Examine the strengths and weaknesses of the business
The business formally started in 1922, when on their way to New York, the Berwins discovered Leeds, and thought it an ideal location. The company initially started to manufacture raincoats, however, due to prominent sales during the Second World War, they expanded and concentrated on suits, seeing it as a product of the future. At this time, Leeds was seen as the clothing centre of Europe. Foreign competition started to cause problems for the company, especially as they had invested more capital into management and industry, with cheap access to labour and materials. This left a third generation market in the UK, with ageing equipment and materials.
In the 80’s, they moved away from being an independent manufacturer (selling to individual customers), and sold their products to London based companies, the output 1500 suits per week. To survive, they had to sell to bigger retailers, and bought Langthwaite factory, which came with a garment division left by the previous owners. Production increased to 6,500 suits per week. Price became a major factor in keeping up with competition, so they invested more in brands (making items under the name of other companies, e.g. Ben Sherman), rather than selling private label (producing items with their own name), which left them with enough products to satisfy all types of customers.
Berwin and Berwin started making suits abroad in the late 90’s, and closed the factory in Leeds as a place of production. They expanded overseas and found an English owned company in Hungary who were willing to sell, for a nominal exchange. They employed 1600 people, and made 12,000 suits a week. This meant the factory in Langthwaite had to be downsized to produce 2,500 suits a week. Leeds became solely an administrative and distribution site, and now only employs 450 people in the UK.
Primarily, Berwin and Berwin supplies to the UK market that is non- Marks and Spencers. Out of all the manufacturers who supply to non- Marks and Spencers, Berwin and Berwin is the largest in terms of production and capacity. Berwin and Berwin supply to many high street shops, such as ‘Next’, ‘House of Fraser’, ‘Slaters’ and ‘John Lewis’, to name a few. A further 25% of all products are exported to outside the UK for sale in Paris. The Product The primary product manufactured by Berwin and Berwin is men’s suits. Other products include some ladies business suits. Of their own brand products, they manufacture men’s casual wear, shirts and ties.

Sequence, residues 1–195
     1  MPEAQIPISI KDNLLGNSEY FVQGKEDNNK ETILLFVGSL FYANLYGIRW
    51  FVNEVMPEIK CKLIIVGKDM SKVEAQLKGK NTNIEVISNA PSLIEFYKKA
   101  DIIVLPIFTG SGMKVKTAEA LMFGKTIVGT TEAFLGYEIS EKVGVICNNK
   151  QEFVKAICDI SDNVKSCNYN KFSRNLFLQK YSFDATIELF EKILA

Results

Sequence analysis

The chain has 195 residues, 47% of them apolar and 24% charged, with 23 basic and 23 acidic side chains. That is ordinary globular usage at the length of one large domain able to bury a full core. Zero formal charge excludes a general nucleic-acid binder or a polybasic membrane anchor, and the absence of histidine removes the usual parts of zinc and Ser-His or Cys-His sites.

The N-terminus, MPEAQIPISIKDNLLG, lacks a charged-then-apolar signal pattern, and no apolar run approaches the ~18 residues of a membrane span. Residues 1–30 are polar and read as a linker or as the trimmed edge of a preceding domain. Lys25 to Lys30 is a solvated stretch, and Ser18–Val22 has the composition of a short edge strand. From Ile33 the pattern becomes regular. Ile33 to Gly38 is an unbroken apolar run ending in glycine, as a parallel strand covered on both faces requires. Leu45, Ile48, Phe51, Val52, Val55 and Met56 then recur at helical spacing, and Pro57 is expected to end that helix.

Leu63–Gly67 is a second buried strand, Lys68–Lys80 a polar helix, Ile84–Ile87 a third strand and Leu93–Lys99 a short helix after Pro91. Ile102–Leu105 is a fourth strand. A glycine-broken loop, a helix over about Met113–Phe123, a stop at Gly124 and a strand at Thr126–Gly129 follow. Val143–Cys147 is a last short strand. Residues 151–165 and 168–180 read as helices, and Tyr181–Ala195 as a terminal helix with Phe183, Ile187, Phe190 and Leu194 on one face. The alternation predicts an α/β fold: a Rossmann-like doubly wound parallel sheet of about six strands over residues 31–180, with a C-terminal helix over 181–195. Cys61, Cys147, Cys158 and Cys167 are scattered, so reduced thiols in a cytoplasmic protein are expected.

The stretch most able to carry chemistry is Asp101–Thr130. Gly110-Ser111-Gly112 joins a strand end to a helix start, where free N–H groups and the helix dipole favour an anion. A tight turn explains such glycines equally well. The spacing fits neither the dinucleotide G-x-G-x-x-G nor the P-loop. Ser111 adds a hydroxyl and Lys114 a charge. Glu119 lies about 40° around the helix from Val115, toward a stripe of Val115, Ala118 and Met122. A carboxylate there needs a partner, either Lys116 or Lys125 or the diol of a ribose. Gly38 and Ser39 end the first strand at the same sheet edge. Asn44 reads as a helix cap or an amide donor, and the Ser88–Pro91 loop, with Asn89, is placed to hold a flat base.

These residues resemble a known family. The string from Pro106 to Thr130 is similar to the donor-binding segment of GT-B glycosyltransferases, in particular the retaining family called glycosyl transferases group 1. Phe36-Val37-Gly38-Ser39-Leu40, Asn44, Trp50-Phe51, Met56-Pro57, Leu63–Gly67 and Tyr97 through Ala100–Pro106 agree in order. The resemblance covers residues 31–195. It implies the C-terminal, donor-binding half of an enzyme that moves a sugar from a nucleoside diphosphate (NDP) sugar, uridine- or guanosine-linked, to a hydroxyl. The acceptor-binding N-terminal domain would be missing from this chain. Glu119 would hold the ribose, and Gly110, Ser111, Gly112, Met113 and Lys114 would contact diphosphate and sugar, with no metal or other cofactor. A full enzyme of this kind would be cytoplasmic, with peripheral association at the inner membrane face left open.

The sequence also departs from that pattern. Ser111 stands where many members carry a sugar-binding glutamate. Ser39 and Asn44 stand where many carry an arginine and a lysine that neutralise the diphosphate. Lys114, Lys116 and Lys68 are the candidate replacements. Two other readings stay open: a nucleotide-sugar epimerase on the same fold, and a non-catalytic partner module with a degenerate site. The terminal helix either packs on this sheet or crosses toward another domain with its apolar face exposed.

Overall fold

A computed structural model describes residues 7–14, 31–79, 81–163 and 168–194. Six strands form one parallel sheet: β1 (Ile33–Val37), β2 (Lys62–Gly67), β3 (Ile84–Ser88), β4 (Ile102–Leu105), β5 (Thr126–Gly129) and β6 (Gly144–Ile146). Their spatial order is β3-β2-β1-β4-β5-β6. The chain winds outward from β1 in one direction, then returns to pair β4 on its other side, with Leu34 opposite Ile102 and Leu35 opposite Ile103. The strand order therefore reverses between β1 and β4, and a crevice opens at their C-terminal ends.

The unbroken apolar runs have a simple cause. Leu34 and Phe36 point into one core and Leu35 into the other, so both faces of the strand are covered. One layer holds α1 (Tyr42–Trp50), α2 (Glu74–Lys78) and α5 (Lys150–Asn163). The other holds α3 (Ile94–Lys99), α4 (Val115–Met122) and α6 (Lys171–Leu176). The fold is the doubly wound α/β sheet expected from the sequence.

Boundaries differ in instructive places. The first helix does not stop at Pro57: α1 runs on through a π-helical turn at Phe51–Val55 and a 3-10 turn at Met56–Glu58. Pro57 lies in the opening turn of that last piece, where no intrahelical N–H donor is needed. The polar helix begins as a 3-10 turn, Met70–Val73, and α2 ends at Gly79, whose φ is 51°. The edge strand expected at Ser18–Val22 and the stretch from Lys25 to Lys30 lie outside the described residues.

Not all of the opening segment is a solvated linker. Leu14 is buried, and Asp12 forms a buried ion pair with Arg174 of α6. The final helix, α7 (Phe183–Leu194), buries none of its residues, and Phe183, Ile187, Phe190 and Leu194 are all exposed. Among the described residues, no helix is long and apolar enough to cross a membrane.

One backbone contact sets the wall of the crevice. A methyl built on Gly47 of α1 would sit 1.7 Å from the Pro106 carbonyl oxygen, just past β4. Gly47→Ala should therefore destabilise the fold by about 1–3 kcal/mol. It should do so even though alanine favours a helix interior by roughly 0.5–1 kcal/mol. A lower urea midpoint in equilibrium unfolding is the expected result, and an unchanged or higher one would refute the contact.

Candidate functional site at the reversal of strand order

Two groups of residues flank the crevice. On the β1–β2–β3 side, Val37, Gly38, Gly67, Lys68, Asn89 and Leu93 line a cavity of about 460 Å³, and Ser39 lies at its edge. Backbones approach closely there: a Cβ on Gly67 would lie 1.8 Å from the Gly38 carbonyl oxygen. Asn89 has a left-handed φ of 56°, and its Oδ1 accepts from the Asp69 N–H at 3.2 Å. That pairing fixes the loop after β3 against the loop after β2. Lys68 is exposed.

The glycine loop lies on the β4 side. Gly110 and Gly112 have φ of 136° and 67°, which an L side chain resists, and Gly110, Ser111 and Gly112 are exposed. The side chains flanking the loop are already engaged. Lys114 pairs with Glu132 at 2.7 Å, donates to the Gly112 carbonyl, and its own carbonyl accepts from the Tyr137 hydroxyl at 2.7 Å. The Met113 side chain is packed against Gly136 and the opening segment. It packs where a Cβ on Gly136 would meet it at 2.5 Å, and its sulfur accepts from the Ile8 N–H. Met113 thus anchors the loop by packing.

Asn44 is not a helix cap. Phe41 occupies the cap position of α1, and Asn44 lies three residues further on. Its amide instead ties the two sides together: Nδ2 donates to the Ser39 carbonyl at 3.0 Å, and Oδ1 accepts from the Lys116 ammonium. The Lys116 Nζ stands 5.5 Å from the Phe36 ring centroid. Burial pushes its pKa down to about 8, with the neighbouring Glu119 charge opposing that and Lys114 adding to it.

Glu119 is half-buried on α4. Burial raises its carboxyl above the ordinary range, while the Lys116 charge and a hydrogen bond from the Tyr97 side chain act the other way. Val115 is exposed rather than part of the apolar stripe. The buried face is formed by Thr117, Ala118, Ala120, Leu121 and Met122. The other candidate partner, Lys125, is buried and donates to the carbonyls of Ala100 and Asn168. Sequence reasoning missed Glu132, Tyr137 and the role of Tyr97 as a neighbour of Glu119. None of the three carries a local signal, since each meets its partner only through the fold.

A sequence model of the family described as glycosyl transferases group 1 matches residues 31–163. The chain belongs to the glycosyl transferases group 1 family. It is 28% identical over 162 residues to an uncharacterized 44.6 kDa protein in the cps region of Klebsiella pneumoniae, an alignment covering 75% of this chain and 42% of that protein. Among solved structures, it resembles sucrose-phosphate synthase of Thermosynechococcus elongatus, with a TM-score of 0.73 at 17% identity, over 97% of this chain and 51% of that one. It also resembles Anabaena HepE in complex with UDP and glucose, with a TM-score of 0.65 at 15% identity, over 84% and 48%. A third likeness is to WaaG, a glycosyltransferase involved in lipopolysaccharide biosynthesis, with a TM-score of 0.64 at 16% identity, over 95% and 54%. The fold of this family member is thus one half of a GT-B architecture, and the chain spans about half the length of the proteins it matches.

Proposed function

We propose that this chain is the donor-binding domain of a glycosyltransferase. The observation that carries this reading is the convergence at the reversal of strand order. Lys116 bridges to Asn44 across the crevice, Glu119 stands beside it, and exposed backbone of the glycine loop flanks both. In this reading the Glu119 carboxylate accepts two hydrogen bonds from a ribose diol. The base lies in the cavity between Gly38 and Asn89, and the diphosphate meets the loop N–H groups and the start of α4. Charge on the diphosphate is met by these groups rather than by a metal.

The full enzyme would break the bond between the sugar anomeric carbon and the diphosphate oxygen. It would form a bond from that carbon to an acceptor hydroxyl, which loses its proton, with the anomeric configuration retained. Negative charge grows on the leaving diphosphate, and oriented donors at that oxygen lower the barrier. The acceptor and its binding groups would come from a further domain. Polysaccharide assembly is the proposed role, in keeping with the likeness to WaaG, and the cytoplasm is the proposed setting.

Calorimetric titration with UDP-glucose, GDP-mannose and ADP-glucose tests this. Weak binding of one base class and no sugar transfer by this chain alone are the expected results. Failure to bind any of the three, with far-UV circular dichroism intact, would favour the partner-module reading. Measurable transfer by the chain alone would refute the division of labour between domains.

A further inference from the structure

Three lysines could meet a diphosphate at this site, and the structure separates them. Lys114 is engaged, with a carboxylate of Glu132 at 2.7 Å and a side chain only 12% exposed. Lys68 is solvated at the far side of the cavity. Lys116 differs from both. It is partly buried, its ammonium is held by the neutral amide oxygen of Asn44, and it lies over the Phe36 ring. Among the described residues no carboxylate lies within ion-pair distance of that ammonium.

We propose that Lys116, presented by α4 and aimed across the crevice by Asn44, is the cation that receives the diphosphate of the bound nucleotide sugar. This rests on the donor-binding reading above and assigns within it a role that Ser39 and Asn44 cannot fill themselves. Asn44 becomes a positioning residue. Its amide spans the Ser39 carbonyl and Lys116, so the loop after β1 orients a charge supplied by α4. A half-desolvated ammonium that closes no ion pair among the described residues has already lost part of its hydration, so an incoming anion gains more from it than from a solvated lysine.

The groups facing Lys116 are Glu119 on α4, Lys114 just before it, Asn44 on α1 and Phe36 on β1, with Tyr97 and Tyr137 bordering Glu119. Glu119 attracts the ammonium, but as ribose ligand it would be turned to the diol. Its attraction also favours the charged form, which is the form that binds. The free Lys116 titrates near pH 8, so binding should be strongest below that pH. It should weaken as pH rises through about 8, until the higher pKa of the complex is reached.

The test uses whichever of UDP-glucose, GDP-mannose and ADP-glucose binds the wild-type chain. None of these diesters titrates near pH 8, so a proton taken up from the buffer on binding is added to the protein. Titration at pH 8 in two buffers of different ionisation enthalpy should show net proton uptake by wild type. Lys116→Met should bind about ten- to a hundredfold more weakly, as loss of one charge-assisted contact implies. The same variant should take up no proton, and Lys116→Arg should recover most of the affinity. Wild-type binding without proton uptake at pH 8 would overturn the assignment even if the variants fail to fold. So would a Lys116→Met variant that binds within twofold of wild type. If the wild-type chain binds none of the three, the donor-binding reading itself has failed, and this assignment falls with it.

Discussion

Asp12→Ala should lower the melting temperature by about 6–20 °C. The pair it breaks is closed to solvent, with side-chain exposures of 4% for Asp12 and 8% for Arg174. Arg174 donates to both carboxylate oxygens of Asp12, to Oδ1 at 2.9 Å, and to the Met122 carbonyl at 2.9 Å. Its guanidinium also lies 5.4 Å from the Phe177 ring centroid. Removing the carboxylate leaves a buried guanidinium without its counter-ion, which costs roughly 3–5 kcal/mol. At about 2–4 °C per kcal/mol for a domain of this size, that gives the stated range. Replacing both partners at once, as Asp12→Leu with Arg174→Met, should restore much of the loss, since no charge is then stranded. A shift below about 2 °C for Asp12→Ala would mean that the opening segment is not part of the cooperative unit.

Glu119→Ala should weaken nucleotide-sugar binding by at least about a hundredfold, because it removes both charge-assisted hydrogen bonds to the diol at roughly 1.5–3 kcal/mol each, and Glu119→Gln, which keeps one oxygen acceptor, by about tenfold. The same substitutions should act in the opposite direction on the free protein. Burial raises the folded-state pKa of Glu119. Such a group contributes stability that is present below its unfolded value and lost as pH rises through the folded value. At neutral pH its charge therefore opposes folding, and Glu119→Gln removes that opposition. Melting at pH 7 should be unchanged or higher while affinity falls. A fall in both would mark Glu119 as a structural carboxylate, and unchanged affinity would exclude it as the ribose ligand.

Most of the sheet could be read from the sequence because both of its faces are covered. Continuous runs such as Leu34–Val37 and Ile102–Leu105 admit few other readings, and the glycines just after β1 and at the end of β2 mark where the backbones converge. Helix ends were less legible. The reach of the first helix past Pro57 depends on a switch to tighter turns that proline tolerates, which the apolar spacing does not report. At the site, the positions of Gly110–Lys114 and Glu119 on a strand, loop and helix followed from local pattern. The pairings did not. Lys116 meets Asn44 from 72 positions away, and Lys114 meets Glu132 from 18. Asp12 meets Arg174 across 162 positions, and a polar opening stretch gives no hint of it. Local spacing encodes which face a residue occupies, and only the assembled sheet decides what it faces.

Recently, Berwin and Berwin have decided to sell their suits 2-fold: Branded, and Private label. ‘Branded’ operates when the customer gives Berwin and Berwin the specifications and requirements for the suits, which are then made with the label of the customer inside it. ‘Private label’ suits are those made by the company, and then labelled with their own brand names; ‘Berwin and Berwin’ and ‘Daniel Hector’. It is clear from the results that the collection period is continually reducing, which means that cash flow and liquidity will be improving. These figures however would have to be checked against the official credit policy of the business, i.e. a credit controller in the accounts department, should be monitoring any overdue payments, and chasing them up. It must be remembered though, that having a long debtors collection period is often used as a viable marketing strategy.
These evaluate the financial stability of the business for the short-term by studying the relationships between current assets and liabilities. (‘Current’ implies less than one year) This ratio essentially shows the balance between cash and assets that will soon be converted to cash, and debts that will soon have to be paid into cash. Generally, the higher the value, the better, as a low value may mean that the business may not be able to pay off its debts. However, an extremely high ratio may suggest that the business is inefficiently using its long-term finance. Below is the calculation for the current ratio from 2000.